On Tuesday 5 July, Bishop Steven joined clergy, lay leaders and school children in the Oxford Deanery.
The day started with a Eucharist for clergy, led by the Revd Hannah Cartwright, at St Mary the Virgin Church, with the backdrop of the current Gaia Earth art installation. Bishop Steven shared a message from the story of Moses and the burning bush in Exodus 3 and the way it illustrates God working to call us and rekindle us.
“God works in unexpected ways to set us, as Gods people, on fire again so we might draw others to the fire…he works with our own personalities and gifts to draw in each of us the characteristics of Christ.”
Praising clergy for their hard work during the pandemic and recognised that it is very easy to feel overwhelmed by events happening across the world, Bishop Steven encouraged them to seek fresh encounters with God. He prompted the clergy to listen to God’s voice and his calling to have hearts set on fire by God’s love.
Over lunch, clergy were invited to share their honest experiences and reflections of life and ministry in the different stages of the pandemic. Clergy spoke about the need to adapt to new patterns of life, a sense of uncertainty still present, and the value of small groups in continuing discipleship among their congregation during the pandemic. The clergy said they continued looking for hopeful and encouraging signs of where God is working in their communities.
St Barnabas School
The first community visit of the day saw Bishop Steven travel to St Barnabas CE Primary School in Jericho. Children from different year groups gathered to ask Bishop Steven questions about being a bishop including his favourite part of the job, how he became a bishop, and even his favourite football team. The children listened as Bishop Steven shared the story of when he became the Bishop of Oxford and were very excited to hear that he has met the Queen several times.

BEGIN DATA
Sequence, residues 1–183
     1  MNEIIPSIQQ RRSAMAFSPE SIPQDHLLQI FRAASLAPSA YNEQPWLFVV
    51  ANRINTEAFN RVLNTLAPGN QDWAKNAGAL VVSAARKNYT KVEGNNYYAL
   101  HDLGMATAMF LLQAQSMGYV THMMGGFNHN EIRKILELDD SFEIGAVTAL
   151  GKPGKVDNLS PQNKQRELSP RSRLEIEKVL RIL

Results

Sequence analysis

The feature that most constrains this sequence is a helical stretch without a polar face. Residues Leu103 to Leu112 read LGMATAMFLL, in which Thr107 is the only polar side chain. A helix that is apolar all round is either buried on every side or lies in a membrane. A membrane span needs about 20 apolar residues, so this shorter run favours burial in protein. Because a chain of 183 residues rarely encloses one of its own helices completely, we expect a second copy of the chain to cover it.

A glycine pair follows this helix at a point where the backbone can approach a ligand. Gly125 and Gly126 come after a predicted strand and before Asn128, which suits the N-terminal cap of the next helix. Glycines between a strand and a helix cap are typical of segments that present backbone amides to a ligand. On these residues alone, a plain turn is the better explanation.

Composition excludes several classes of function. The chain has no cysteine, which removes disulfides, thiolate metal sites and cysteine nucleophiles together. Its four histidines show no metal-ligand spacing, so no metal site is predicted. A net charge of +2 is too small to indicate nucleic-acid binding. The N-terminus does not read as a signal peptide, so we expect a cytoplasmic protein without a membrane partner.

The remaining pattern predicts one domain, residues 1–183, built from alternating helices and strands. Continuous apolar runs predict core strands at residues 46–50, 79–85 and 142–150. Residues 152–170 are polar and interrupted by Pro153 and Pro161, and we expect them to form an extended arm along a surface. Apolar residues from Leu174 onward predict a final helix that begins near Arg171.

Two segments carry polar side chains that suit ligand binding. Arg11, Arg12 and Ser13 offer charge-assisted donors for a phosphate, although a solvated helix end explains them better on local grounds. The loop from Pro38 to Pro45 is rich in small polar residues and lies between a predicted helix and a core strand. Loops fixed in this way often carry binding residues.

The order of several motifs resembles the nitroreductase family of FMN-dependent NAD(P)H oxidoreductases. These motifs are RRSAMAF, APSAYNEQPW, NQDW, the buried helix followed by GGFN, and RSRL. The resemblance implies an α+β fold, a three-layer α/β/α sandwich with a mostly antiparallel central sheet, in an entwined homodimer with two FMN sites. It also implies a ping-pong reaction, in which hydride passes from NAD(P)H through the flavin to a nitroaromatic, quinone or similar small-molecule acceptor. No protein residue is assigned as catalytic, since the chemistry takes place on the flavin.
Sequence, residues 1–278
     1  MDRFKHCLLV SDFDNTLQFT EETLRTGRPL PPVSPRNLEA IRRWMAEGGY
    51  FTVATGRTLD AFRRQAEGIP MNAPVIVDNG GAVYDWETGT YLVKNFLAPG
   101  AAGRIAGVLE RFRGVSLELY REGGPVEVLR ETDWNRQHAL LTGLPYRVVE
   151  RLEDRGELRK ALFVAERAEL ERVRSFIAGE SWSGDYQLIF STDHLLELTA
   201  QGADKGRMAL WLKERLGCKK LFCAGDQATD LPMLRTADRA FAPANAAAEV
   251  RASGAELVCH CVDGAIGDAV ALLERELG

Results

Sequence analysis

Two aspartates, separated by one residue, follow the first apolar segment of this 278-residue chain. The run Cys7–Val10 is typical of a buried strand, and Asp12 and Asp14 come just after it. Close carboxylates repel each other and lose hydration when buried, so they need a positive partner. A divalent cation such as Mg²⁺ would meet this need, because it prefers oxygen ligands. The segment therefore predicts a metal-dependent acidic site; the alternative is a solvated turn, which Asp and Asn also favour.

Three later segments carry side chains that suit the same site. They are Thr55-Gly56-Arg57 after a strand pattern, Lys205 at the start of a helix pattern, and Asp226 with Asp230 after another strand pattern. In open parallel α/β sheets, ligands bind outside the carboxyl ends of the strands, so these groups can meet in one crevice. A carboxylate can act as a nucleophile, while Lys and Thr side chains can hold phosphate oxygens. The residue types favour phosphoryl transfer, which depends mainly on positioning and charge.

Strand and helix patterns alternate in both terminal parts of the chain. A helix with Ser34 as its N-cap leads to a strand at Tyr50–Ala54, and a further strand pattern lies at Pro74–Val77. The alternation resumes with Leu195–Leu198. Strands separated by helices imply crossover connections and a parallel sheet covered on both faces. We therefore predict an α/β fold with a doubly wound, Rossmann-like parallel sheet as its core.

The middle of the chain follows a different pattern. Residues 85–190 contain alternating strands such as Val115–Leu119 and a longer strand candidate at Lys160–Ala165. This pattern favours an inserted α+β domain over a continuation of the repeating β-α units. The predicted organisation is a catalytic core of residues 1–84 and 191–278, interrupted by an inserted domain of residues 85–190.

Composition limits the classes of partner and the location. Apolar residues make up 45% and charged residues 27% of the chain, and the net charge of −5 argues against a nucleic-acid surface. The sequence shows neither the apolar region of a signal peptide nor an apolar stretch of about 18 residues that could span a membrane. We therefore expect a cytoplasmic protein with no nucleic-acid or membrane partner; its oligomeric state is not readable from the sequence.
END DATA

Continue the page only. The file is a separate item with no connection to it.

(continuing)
The last stop of the afternoon was to Cutteslowe Primary School to visit a Stay and Play initiative in partnership with Cutteslowe Community Centre as part of a national Safer Streets initiative. Stay and Play is a weekly drop-in for parents, grandparents, and carers and their children under 5 as well as a free afterschool play time at the school.
Bishop Steven met school Cutteslowe Community Centre staff who oversee the running of the Stay and Play initiative serving a community where 20% of the children are living in poverty. Bishop Steven even had to chance to have a go on the bike-powered milkshake machine!
The Revd Tom Murray, curate and leader of the Cutteslowe Church, part of the St Andrew’s Parish, and one of two Bishops Mission Orders in the diocese, showed Bishop Steven around the school which is home for the church and its Sunday worship. The church serves an area of new housing within the parishes of Wolvercote and Summertown.
An evening with lay leaders
After joining lay leaders for an evening meal and discussion time, Bishop Steven travelled to St Michael & All Angels Church, Summertown for a time of worship and Q&A.
Bishop Steven is nearing the end of his deanery visits around the diocese, read all of the stories so far and find out where he is going next.